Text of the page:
This railroad line was built from Marion, NC, to Camden, SC, between 1886 and 1889 by the Charleston, Cincinatti and Chicago Railroad (the Triple C). The Triple C was formed to develop a connection between the Ohio River at Cincinatti and the Atlantic Ocean at Charleston. The original plan was for the line to extend from Camden through Sumter to Charleston. In 1890, a major investor in the railroad failed and the road went into receivership. In 1893, the Triple C was sold and became the Ohio River & Charleston Railroad. The new company was still having trouble, and in 1898, the segment from Marion, NC, to Camden, SC was sold to the Southern Railway. Only one section of the Ohio River & Charleston remained in the company's hands, from Johnson City, TN down into North Carolina. This segment soon became part of the Carolina, Clinchfield & Ohio (the Clinchfield), and this entire line is still operated by CSX.
The section of railroad between Camden and Wateree was the oldest section. It was built in 1848 as the Camden Branch of the South Carolina Railroad. In 1854 the Wilmington & Manchester (later the Wilmington, Columbia & Augusta) joined it with a wye at Wateree Junction where the SCRR curved west to cross the Wateree River.
In April 1865, Union Gen. Edward E. Potter's forces discovered nine locomotives and 200 units of rolling stock belonging to both railroads parked near the junction, which they thoroughly destroyed. The explosions scattered all sorts of artifacts, from cannonballs to buttons, into the woods and swamps. These are still being found to this day.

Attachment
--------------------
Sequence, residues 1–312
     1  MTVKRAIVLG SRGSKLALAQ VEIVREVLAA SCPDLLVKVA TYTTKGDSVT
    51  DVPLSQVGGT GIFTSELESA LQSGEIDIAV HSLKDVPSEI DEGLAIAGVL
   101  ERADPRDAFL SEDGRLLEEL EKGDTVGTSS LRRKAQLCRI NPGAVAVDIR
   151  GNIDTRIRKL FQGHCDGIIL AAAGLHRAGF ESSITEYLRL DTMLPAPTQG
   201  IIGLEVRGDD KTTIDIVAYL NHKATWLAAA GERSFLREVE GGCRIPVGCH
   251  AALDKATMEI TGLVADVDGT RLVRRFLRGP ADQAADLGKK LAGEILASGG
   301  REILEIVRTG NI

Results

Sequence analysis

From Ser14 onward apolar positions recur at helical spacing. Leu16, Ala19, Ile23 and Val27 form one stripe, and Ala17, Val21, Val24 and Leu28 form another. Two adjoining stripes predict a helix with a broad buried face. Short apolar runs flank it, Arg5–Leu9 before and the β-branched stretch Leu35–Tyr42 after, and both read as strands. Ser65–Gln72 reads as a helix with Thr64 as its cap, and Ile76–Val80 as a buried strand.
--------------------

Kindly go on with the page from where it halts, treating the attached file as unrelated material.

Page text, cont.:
In about 1872, the WC&A abandoned and took up some of the rail on the segment of the old W&M from Wateree Junction. Remnants (mostly pilings) of the old wye and W&M trackage can still be seen near the former junction. The WC&A used the salvaged rail to build the line from Sumter to Columbia (later ACL, now CSX).
At some point, apparently after the Camden Branch came under the control of Southern in 1899 and definitely before 1907, the line to Sumter was rebuilt. It was then abandoned for good by 1940. This former ROW can only be made out in a few places where it has been used for dirt roads, mostly around Manchester (just outside of today's Poinsett State Park).
Southern/Norfolk-Southern began to abandon segments of this line in the 1980s. The line was first severed between Camden and Westville (16 miles) around 1980. The section between York and Kings Creek (18.3 miles) was abandoned in the mid-1980s. The segments from Westville to Kershaw (7.4 miles) and from York to Tirzah (4.7 miles) were abandoned in the mid to late 1980s. As for the old Camden Branch, the segment from Hasskamp to Camden (14 miles) was abandoned in the late 1980s, and the section from Foxville to Wateree was abandoned in the mid-1990s. On March 21, 2001, the section between the Lancaster side of the Catawba River and Kershaw was leased (actually a purchase-lease deal) to the Lancaster & Chester Railroad as part of a NS restructuring effort to sell or abandon over 3000 miles of railroad. In South Carolina, NS still operates the segments from the NC state line through Blacksburg to Kings Creek, from Tirzah (the Suburban Propane storage facility there) through Rock Hill to the Catawba River (Bowater), from Kingville to Wateree, and from Foxville to Hasskamp. NS uses trackage rights over the CSX Columbia-Sumter branch to reach this last section. In most places, the abandoned right of way is still very easy to make out.
Thanks to Mitch Bailey for contributing information about this route.